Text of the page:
I am aware that there are myriad permutations and subtleties I am trampling upon here. It is my intention, nay, duty in life to never get drawn into any detailed examination of these. They have nothing to do with any serious business. With Machiavelli, we start with a person trying to make sense of and be effective within a lifeworld, a particular situation in turn of the 16th century Italy that constitutes and embeds him in particular conditions, dynamics, opportunities, threats, resources, and so on. He remains interesting because he takes a real crack at that, which means he has zero fucks to give about systematic ethics.

Nowadays we talk about real takings a crack in terms of complex dynamical systems. Machiavelli signals that’s what he’s up to, according to the available idiom, through the concept of fortuna. In my dissertation I talked generally about fortuna as contingency, following Pocock. But I would now translate fortuna and its conceptual partner ‘corruption’ into the range of complex dynamics covered by chaos, emergence, nonlinearity, and self-organization, arising respectively from broad historical processes and human relations more specifically. As an analyst, Machiavelli saw chaotic historical and interactive fields that defied linear causal analysis. As a strategist, he was looking for the stocks and flows that could be nudged toward emergence into a (meta)stable political order.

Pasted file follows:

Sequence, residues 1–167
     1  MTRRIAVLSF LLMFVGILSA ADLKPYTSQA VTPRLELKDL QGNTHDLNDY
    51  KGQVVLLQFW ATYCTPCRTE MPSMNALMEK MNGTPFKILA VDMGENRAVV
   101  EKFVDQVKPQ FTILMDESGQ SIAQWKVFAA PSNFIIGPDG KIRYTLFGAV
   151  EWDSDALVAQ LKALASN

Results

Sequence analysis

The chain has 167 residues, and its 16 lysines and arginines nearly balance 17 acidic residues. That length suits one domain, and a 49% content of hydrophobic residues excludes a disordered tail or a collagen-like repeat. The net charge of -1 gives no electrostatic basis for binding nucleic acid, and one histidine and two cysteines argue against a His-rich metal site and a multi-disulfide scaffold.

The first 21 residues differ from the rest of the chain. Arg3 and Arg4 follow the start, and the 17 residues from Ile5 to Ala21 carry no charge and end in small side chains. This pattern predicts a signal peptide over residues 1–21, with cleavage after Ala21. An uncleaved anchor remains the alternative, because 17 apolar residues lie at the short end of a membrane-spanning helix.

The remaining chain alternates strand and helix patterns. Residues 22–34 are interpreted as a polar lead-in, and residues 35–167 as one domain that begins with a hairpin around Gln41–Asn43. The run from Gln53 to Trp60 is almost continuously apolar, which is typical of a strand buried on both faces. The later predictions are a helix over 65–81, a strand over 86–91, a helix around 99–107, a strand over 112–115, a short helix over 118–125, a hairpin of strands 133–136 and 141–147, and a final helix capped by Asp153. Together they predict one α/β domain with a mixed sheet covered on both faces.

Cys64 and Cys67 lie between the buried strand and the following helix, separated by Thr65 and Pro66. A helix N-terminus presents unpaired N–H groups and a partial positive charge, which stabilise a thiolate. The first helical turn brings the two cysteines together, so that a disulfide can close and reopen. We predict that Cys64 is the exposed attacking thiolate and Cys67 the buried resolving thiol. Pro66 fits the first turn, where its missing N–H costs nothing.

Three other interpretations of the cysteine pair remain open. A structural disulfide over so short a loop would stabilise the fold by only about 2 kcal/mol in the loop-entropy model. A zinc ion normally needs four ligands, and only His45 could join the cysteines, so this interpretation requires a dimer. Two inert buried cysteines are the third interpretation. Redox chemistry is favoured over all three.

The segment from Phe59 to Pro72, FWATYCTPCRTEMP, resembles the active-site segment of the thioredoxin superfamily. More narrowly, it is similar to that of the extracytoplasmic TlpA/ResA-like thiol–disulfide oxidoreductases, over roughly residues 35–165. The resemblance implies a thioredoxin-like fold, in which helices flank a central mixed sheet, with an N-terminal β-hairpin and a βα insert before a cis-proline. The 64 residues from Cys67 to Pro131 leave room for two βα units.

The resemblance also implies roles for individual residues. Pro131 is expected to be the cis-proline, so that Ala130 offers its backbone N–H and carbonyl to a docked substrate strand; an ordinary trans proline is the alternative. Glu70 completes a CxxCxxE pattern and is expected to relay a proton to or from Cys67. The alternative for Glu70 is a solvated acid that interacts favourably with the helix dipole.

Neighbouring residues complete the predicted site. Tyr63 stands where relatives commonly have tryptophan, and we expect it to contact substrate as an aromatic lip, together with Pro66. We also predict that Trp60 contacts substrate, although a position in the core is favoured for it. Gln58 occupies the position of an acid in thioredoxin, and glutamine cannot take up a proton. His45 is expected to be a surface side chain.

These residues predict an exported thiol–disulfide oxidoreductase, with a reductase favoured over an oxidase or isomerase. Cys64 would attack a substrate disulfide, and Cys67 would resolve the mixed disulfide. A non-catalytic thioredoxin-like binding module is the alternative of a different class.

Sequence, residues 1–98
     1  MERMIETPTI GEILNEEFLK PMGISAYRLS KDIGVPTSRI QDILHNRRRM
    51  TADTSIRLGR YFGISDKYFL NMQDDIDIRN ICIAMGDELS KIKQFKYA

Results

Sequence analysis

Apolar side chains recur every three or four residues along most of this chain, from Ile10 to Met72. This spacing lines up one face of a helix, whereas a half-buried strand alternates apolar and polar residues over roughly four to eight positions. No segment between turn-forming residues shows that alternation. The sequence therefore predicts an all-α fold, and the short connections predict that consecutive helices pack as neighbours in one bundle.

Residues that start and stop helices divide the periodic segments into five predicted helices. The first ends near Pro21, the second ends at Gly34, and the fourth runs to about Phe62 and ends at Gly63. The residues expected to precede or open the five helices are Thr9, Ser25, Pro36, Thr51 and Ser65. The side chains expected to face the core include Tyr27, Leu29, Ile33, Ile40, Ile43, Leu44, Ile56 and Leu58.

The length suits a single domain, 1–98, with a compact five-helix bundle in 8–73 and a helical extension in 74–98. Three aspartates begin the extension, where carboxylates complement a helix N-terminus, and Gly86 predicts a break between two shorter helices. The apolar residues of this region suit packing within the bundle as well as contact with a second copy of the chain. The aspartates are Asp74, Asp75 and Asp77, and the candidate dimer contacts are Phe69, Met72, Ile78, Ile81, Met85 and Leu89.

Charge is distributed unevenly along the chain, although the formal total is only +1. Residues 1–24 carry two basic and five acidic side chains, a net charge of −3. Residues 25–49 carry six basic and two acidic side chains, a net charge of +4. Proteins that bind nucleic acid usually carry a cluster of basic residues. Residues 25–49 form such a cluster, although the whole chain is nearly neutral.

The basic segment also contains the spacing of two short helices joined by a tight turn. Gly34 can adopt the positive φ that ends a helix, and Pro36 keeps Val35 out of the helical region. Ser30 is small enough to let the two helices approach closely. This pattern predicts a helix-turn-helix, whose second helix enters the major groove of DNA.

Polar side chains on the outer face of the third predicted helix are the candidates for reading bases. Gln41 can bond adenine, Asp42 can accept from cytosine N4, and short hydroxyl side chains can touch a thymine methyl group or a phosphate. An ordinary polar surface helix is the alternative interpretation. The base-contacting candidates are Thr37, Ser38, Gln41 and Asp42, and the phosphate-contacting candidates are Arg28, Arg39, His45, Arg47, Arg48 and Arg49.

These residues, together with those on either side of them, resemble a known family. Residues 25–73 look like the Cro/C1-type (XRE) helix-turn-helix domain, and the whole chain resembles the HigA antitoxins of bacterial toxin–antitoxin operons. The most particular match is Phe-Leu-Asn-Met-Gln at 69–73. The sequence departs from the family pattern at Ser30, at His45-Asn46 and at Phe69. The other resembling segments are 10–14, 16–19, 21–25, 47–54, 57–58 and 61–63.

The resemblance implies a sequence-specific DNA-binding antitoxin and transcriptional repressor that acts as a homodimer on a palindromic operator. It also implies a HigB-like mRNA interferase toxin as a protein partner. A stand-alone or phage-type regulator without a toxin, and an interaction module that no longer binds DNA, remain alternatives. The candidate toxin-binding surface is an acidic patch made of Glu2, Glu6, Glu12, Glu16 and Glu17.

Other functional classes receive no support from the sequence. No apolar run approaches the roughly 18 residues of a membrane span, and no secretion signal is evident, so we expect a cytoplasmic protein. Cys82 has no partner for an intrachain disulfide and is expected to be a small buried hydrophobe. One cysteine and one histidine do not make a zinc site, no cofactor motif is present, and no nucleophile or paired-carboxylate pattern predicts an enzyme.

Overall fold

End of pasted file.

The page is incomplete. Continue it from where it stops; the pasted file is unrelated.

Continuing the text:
Here’s a characteristic orienting gesture, from The Prince chapter XXV, “What Fortune Can Effect in Human Affairs and How to Withstand Her:”

It is not unknown to me how many men have had, and still have, the opinion that the affairs of the world are in such wise governed by fortune and by God that men with their wisdom cannot direct them and that no one can even help them; and because of this they would have us believe that it is not necessary to labour much in affairs, but to let chance govern them. This opinion has been more credited in our times because of the great changes in affairs which have been seen, and may still be seen, every day, beyond all human conjecture. Sometimes pondering over this, I am in some degree inclined to their opinion. Nevertheless, not to extinguish our free will, I hold it to be true that Fortune is the arbiter of one-half of our actions, but that she still leaves us to direct the other half, or perhaps a little less.